Thank you to everyone that has listened to me and given me encouragement. It really helps.



The Results Are In: An Update

“You have new lab results,” The message says. Finally. There they are. I hesitate to open them. These are the numbers I’ve been waiting for. A tinge of fear. God help me. I don’t even know what numbers I want to see at this point. High or low, I don’t even know anymore. Just answers. I want assurance. I want peace of mind, but I already know these results won’t provide that.

Well. I had a nice break from pheo, but once again, less than a year later, I find that it is not done with me. It’s hard not to be discouraged. Will this fight ever be over?

And so it begins…the familiar routine with the same meds. It conjures this deja vu of horror. The pain and fear resurface. Here we go again.

I know that I can do this. I know what to expect, which is both a blessing and a curse.

I still need an MRI done locally. Then I’ll head back to NIH for more testing and they will give me their take in the situation.

I will say that I am blessed to finally have quality medical care. I’m blessed that we can keep catching these tumors quickly. I suppose I’m glad my suspicions were confirmed, rather then being left to wonder and worry.

5 Reasons NOT to Get a Cortisol Pump

The Cortisol pump has the potential to dramatically improve the lives of patients with adrenal insufficiency. All current research studies indicate improvements in patient quality of life. With results like that, the pump seems like magic, right?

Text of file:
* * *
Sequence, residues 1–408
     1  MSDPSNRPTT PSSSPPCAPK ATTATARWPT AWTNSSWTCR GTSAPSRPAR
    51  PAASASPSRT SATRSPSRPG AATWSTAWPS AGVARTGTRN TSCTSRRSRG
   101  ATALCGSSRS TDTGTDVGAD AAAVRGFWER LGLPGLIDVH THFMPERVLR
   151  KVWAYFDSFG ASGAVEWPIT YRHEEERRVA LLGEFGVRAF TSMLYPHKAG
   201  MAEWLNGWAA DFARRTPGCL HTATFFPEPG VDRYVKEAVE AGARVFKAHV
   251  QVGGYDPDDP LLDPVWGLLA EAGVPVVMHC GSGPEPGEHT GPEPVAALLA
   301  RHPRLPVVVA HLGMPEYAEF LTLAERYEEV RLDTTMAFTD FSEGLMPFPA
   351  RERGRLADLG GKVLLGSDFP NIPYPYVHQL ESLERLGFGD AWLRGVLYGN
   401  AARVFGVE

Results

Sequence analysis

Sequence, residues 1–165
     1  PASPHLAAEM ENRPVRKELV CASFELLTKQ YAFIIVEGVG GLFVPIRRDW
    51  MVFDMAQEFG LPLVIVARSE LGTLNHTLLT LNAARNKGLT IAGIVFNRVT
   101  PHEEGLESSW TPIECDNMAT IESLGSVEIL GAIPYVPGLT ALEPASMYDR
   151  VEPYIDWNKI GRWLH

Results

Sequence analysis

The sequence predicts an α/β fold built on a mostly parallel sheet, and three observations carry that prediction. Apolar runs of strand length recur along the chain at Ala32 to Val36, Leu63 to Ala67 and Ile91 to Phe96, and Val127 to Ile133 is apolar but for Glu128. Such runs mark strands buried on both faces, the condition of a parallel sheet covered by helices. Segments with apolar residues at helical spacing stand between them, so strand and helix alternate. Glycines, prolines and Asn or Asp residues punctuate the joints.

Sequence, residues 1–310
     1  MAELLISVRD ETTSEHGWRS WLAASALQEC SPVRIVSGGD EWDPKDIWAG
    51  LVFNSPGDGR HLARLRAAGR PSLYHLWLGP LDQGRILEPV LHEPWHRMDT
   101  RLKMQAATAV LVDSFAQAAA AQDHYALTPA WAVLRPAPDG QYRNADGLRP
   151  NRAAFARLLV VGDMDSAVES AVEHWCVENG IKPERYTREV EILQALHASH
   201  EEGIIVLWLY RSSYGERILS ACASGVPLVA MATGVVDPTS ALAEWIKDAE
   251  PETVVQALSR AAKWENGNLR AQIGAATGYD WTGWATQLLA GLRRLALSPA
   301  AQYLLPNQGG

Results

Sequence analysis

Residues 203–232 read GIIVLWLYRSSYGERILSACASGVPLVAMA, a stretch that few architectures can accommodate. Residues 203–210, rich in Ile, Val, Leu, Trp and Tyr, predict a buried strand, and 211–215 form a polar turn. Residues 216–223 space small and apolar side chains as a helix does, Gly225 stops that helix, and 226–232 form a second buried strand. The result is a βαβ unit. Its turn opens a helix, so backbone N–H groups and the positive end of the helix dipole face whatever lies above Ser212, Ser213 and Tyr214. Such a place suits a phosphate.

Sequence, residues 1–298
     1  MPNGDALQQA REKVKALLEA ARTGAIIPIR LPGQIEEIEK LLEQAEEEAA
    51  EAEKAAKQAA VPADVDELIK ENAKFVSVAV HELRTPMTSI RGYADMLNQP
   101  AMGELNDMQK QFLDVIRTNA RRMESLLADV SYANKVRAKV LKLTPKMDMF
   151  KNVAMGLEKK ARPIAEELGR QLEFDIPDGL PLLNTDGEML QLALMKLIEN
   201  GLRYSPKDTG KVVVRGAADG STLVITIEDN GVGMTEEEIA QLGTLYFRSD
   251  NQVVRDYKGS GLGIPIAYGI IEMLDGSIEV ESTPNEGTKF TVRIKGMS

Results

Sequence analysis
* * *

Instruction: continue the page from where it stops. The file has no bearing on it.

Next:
My own experience with the cortisol pump has been dramatic and highly successful. Positive patient testimonials such as mine, make others suffering with poor quality of life think the pump is the solution to all of their woes.
While I have raved about the merits of the pump, I’ve also been honest about how difficult it has been, and that pumping alone hasn’t fixed everything, nor did any of these changes come quickly.
I am not writing this to discourage anyone from using the cortisol pump. Personally, I love it, and I want this treatment to be an option for every adrenal insufficient patient. However, I don’t want to mislead anyone. I want patients to have a realistic idea of what pumping entails so they can make an educated decision about their treatment.

5 Reasons NOT to Get a Cortisol Pump!

1. You feel great on steroid pills.
This was never the case for me, and I don’t come across a whole lot of people that do, but there really are some patients out there that get by just fine on oral steroids. For these patients, it would not be worth the time and effort to switch to a pump and it would not be worth the extra work and expense to maintain it.
2. You are not a self advocate.